The twenty guests were from all over the world: Indonesia, Vietnam, Senegal, India, Thailand, etc. The general theme should quickly stick out - they all came from basically sub-tropical areas. I do wonder what snowy Tokachi could offer these visitors about agriculture, but they all seemed to hold the organization in high regard. It was very exciting to be part of these visitor's first chance at discovering snow. They were all really bundled up and loved the snowmobiles. The women pictured on the snowmobile was from Yemen and had only arrived two days ago for a two month program in agriculture. (She actually has distant relatives living in Calgary at the moment and dreams of visiting Vancouver; and Howard, pictured pushing me off the edge in the tube, was from Haiti, but got his masters from McGill.) She was a real trooper and I think she looks like a natural on the snowmobile. I felt bad because within five minutes of being outside she stepped in a deep snow bank filling her boots with snow and thus freezing her feet. Our Japanese hosts, always going far beyond the call of duty, quickly produced a new dry pair of boots and more warm socks. I talked for a long time with the man from Jordan, who was well traveled in the Mediterranean area, but was loving his Japanese experience and even the snow.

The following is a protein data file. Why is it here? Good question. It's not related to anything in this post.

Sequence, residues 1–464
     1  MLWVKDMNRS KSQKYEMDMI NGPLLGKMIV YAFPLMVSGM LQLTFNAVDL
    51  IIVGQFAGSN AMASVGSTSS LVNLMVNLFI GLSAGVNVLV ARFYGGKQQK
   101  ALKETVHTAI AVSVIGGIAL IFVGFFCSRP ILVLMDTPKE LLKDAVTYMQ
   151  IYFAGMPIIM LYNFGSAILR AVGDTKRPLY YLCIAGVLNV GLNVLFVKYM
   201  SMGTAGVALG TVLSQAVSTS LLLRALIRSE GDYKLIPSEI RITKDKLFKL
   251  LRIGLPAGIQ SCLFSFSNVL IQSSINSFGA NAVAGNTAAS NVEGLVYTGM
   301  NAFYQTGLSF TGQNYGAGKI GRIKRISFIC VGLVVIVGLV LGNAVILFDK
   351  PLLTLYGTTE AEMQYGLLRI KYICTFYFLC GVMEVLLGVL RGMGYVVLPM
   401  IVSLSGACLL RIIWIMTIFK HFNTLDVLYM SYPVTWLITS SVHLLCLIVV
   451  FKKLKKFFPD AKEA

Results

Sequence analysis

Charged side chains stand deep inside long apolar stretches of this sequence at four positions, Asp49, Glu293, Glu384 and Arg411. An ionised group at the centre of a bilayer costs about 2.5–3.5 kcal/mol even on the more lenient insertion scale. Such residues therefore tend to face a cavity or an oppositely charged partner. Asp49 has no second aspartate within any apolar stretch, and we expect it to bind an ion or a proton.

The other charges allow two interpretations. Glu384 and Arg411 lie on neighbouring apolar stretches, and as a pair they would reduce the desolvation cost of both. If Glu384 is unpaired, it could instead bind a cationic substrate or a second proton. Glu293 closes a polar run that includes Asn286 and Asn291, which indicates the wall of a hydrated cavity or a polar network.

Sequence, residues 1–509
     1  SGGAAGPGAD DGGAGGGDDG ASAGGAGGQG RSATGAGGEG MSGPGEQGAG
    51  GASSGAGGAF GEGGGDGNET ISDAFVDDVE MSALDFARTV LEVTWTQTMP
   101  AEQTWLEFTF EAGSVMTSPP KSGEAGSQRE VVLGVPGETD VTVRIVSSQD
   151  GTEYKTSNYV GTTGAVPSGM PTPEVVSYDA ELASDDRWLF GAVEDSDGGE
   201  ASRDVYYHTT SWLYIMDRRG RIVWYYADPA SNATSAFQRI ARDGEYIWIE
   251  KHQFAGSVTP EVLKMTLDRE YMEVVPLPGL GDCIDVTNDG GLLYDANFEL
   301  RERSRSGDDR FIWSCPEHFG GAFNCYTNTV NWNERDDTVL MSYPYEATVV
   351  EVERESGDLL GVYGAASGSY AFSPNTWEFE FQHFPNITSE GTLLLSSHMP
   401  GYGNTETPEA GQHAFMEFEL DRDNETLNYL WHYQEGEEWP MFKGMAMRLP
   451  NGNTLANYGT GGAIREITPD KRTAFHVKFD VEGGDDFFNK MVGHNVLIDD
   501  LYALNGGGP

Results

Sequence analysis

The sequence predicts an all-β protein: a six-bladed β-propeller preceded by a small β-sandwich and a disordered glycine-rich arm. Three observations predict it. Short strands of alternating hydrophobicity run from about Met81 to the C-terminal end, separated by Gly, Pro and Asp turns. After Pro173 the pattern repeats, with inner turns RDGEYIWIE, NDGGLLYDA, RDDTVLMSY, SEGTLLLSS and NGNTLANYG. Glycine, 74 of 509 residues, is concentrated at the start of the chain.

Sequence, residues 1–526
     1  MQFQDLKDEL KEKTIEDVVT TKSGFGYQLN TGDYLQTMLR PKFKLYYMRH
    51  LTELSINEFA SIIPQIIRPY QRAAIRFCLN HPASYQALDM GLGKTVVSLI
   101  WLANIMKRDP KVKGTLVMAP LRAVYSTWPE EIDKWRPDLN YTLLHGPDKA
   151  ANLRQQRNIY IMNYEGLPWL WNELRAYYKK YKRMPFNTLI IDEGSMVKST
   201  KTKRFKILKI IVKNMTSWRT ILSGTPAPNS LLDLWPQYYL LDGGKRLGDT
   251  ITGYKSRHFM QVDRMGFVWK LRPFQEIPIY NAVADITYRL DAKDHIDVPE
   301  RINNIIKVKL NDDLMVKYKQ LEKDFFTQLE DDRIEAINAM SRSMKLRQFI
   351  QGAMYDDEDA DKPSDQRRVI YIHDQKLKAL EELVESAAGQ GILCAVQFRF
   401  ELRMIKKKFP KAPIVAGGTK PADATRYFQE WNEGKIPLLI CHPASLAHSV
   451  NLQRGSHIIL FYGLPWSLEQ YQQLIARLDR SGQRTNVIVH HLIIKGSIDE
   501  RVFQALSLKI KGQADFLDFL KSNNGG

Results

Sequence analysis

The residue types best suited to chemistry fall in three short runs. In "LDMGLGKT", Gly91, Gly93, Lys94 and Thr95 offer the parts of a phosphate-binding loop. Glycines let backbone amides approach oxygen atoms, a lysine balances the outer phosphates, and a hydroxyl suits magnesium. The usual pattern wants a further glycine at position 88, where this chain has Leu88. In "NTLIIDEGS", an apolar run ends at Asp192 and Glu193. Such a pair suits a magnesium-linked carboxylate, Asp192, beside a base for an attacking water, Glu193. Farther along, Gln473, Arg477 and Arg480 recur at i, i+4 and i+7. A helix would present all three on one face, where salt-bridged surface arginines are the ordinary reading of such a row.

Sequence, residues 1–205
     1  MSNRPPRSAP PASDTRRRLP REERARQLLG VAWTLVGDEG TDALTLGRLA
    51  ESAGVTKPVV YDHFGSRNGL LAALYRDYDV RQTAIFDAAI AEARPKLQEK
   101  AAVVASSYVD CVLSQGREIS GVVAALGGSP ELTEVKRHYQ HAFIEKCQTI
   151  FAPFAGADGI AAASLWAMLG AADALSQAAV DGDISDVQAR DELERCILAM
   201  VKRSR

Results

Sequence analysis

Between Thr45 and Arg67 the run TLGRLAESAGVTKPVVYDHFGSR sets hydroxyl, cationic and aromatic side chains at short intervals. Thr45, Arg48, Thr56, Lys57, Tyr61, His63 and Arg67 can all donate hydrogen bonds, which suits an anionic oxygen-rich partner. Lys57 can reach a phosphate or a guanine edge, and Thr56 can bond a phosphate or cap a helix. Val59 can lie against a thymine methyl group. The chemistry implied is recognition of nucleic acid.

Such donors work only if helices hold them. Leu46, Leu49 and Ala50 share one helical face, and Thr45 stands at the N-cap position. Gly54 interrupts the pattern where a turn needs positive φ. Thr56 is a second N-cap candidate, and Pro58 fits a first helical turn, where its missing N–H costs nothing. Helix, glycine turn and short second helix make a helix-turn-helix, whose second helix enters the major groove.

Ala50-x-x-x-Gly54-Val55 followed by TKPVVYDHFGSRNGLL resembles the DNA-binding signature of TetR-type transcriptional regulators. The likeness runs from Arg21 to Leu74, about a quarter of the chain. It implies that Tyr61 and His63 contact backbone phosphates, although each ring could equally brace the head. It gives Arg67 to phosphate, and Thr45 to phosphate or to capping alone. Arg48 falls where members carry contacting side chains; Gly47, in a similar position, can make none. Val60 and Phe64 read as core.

It had been years since I have been tubing but I must admit it was a lot of fun. Nothing like moving to Japan to feel popular. When it was my turn to ride the tube all my students wanted to ride with me, sadly, in the end, some were disappointed. As can be seen from the pictures, the weather was perfect, almost no wind and the temperature hovering just above zero. A perfect day to play in the snow.

Kevin was having a very thought provoking day through all this because it was his thirty-second birthday. He commented several times that he never thought that on his thirty-second birthday he would be tubing with people form all over the world in a small town in Japan. That evening, after warming up, Kevin, Jessica, Yuki and several others headed out to Torisei for dinner and then down the street for drinks. The bar was full and it seemed like all the young adults in Shikaoi was there. Very fun.

Soon I will be going to the Pure Malt Center to watch the Men's Hockey Final. It was snowing all afternoon but I just realized it has turned to rain. I'm not sure what it's going to look like tomorrow.

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Thursday, February 23, 2006

What the Heck Happened Team Canada?